Where are my kidneys and what do they do?

You have two kidneys in your back, just above the level of your elbows.

Your kidneys are responsible for filtering the blood and removing toxins, correcting electrolytes and fluid balance, as well as removing medications from the body. Your kidneys also produce hormones that affect your blood pressure, vitamin D levels and amount of red blood cells.

What is chronic kidney disease?

The National Kidney Foundation defines chronic kidney disease (CKD) as the presence of kidney damage (usually detected on urine or blood tests and sometimes by kidney biopsy) or decreased kidney function for a period of at least 3 months. In other words, CKD means having kidneys that are not functioning at full efficiency or show signs of damage or inflammation over a period of at least a few months. CKD used to be referred to as chronic renal failure or chronic renal insufficiency, among other terms.

What are the stages of chronic kidney disease?

CKD is classified into 5 stages roughly corresponding to the percent of kidney function out of a normal of 100%. Stage 1 is the mildest stage and stage 5 is the latest and most severe stage.

Stages of CKD GFR (glomerular filtration rate) or % of kidney function (out of 100%)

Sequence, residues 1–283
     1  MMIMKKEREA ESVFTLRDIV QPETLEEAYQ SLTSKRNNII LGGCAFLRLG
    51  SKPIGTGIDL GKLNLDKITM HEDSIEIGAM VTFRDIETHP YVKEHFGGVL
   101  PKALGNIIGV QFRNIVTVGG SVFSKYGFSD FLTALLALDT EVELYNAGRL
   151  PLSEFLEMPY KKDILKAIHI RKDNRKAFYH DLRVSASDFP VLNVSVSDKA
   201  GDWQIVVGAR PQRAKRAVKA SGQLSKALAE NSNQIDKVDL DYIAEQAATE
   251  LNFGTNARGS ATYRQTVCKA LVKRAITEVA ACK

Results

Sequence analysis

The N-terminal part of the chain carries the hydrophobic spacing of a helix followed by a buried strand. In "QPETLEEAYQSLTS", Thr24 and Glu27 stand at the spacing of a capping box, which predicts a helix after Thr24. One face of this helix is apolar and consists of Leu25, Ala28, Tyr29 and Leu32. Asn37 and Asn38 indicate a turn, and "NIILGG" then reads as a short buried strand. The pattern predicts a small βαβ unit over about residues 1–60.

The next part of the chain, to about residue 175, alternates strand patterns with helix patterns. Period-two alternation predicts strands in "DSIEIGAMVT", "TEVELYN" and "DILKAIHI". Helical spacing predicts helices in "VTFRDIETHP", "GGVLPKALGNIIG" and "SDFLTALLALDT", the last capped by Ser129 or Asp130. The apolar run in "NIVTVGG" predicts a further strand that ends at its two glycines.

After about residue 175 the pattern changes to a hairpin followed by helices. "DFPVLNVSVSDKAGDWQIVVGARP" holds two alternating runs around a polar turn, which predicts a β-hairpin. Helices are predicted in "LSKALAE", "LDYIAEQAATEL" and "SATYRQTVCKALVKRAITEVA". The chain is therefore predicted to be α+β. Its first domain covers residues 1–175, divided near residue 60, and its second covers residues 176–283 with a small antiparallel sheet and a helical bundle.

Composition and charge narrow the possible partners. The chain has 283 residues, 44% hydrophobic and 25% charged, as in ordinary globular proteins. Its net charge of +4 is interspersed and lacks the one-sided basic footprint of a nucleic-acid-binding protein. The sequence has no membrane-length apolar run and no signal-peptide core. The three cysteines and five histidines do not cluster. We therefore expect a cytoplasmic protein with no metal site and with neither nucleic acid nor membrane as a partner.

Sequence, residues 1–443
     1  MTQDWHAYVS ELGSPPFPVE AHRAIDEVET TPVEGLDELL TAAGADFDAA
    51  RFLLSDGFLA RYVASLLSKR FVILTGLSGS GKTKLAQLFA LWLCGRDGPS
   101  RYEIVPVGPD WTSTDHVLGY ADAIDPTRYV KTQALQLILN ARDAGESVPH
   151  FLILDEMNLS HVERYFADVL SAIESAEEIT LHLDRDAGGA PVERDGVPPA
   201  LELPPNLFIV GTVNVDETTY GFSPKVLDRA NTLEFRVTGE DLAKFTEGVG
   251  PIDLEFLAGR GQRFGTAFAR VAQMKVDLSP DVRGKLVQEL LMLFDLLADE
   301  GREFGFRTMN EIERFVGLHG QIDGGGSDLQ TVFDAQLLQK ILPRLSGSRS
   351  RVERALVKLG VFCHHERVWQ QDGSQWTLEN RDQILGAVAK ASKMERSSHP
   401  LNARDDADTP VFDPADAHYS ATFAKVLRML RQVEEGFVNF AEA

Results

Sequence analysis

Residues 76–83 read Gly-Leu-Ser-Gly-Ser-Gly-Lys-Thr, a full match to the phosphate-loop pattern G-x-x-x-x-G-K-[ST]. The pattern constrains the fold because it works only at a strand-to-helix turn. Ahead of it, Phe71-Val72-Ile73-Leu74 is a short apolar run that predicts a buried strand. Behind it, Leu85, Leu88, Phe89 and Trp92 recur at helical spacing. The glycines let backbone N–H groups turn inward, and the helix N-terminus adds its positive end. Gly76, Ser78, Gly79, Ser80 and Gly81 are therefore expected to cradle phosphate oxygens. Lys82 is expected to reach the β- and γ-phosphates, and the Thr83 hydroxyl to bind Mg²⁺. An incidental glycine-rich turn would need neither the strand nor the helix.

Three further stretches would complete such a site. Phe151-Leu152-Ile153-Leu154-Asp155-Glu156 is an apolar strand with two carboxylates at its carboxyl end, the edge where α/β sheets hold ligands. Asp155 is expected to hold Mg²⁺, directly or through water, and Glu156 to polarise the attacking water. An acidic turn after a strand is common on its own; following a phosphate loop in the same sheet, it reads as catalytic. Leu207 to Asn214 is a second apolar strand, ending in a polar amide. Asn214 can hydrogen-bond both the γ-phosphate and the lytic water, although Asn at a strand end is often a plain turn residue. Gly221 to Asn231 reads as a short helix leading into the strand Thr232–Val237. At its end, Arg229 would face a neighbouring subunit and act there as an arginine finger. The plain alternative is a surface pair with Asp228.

1 more than 90
2 60 to 89
3 30 to 59
4 15 to 29
5 less than 15

GFR stands for glomerular filtration rate, which is a measure of how well your kidneys are filtering your blood. Your GFR is calculated from a blood test result called the creatinine. Generally speaking, a GFR of greater than 90 ml/min/1.73m2 is normal. However, if you are older than 60 years old a GFR lower than 90 may still be normal, if there are no other signs of kidney damage by urine tests. (for more information, see this brochure.)

What are symptoms of chronic kidney disease?

Chronic kidney disease typically does not result in symptoms in stages 1 to 3 and often not even in stage 4. When symptoms start, they are generally subtle or vague, like fatigue, leg swelling, shortness of breath, nausea, loss of appetite, loss of taste or abnormal tastes, itching, forgetfulness or confusion. However, these symptoms are not unique to CKD and just because you have some or all of these symptoms may not mean they are due to kidney disease. Back pain is not a symptom of CKD. Because CKD does not have symptoms until late stages, it is important to monitor the status and progress of your kidney disease by blood and urine tests.

What causes chronic kidney disease?

The most common causes of CKD are diabetes and high blood pressure. However, long-term use of certain prescription or over-the-counter medications, as well as autoimmune diseases can also result in CKD.

How do I know I have chronic kidney disease?

Because CKD does not have symptoms until advanced stages and since the symptoms are not unique or can be vague, it is important to detect kidney disease by doing blood and urine tests.

If I have chronic kidney disease, do I have kidney failure?

Chronic kidney disease is the new term that encompasses older terms such as kidney failure or kidney insufficiency, which all refer to kidney function that is abnormally low or kidneys that show signs of damage.

How severe is my kidney disease?